The Hidden S/4HANA Failure at LeasePlan

Executive Summary

  • LeasePlan made an announcement about their ERP failure; however, the statement was, in part, a cover-up.
  • We explain what actually failed at LeasePlan.

Introduction

The leadership within LeasePlan decided to create a cover story for their € 100 million write off related to S/4HANA and other (unstated and indeterminate SAP products that were purchased as part of their 2017 purchase from SAP).

This case study of another S/4HANA failure shows much more than just than merely the failure but illustrates the cooperation on the part of SAP customers, SAP consulting firms, media entities, and SAP consultants in keeping future S/4HANA customers in the dark about S/4HANA failures.

This failure first came to my attention through a share by Dan Woods on LinkedIn.

Some of the analysis is from the LinkedIn conversation that followed, but much of it is new and provide additional research that extends my comments. For those that participated or read the comment stream on LinkedIn, there is significantly more detail in this article.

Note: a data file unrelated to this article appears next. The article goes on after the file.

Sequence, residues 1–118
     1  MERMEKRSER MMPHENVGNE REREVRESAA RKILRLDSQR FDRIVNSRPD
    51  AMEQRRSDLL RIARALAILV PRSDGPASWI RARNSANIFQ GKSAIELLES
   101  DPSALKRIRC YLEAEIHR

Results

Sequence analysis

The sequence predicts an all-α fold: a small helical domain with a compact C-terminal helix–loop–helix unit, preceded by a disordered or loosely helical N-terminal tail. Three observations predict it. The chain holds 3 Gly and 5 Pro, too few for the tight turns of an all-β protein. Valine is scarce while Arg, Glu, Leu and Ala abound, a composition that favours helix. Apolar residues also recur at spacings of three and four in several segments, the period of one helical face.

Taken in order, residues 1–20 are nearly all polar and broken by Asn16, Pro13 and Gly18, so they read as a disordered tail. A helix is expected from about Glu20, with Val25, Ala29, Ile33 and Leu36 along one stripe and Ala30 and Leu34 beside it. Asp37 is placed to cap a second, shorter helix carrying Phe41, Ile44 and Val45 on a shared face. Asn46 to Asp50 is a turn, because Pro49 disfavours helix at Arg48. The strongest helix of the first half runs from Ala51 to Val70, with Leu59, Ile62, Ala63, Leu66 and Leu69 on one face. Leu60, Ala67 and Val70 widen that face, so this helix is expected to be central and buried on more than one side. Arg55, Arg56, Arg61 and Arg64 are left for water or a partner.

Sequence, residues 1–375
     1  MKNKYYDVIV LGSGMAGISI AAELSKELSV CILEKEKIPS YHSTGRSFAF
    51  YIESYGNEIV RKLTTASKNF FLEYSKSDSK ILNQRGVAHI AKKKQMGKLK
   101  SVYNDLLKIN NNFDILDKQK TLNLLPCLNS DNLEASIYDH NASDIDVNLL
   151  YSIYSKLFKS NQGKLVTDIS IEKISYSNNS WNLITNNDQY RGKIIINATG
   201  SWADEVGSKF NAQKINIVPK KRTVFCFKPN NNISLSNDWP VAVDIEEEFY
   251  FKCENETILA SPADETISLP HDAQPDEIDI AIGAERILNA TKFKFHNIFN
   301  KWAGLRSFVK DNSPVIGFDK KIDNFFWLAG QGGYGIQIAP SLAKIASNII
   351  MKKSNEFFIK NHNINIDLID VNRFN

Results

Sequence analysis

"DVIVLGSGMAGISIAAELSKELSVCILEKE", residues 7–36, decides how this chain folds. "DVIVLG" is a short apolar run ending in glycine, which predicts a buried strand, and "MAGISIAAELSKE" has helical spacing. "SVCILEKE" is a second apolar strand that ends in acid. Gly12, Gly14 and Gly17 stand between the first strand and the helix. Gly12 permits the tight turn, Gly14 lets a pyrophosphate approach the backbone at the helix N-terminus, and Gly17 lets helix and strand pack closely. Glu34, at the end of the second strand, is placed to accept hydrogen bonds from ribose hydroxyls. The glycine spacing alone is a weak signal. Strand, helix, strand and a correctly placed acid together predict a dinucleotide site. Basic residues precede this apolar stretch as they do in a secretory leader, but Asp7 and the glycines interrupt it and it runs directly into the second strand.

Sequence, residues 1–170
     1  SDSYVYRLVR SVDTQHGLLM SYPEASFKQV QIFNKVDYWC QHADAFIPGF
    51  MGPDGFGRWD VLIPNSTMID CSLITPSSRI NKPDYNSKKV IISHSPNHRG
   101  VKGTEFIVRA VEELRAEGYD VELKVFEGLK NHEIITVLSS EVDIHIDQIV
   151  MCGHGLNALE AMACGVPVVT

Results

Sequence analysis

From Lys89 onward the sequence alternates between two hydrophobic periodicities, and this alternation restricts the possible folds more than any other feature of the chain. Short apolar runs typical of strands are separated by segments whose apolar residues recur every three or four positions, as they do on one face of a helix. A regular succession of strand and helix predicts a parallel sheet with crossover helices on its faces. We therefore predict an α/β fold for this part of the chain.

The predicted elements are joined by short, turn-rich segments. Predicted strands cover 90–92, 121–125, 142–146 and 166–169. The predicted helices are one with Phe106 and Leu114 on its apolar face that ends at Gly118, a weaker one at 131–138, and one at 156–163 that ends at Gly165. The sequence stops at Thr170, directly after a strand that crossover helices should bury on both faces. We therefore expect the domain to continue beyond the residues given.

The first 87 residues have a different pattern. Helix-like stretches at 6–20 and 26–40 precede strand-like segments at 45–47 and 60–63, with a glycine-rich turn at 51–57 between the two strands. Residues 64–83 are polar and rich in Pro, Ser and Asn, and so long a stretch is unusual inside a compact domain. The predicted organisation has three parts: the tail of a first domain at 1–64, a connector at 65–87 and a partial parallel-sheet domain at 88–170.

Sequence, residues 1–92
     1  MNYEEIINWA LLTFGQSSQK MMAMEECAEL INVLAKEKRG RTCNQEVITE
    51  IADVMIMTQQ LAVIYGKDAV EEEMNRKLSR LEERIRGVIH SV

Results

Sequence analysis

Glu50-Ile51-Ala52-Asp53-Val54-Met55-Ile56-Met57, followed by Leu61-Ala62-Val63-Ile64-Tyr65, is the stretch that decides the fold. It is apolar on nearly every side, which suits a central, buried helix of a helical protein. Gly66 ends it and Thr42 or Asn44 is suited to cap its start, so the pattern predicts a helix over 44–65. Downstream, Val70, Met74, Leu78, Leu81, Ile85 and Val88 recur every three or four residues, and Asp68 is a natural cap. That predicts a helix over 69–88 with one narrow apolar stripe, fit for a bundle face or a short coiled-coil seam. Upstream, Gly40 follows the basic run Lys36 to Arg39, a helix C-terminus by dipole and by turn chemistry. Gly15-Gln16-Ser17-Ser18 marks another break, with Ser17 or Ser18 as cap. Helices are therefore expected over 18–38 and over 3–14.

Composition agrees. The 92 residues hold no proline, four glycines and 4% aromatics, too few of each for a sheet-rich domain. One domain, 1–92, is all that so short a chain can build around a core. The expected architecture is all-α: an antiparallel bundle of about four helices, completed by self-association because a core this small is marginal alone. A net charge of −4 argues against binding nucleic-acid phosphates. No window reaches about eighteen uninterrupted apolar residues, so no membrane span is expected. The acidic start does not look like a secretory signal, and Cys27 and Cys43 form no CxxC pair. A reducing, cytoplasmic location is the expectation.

Consultancy.uk’s Coverage of the LeasePlan Failure

We begin with the coverage by Consultancy.uk in the article Failed SAP implementation costs LeasePlan €100 million.

Consultancy.uk is mostly a promotional website that covers the consulting market. Consultancy.uk does appear to have some objectivity, for while they do allow marketing profiles of some consulting firms at their site, they have not shied away from covering unsavory issues in the consulting market. Such as the involvement of PwC and EY and their potential for conflicts for offering faux auditing in exchange for consulting work and the Thomas Cook bankruptcy. For example, neither PwC nor EY gave any indication that Thomas Cook was headed to bankruptcy (for instance, also occurred with Bernie Madoff).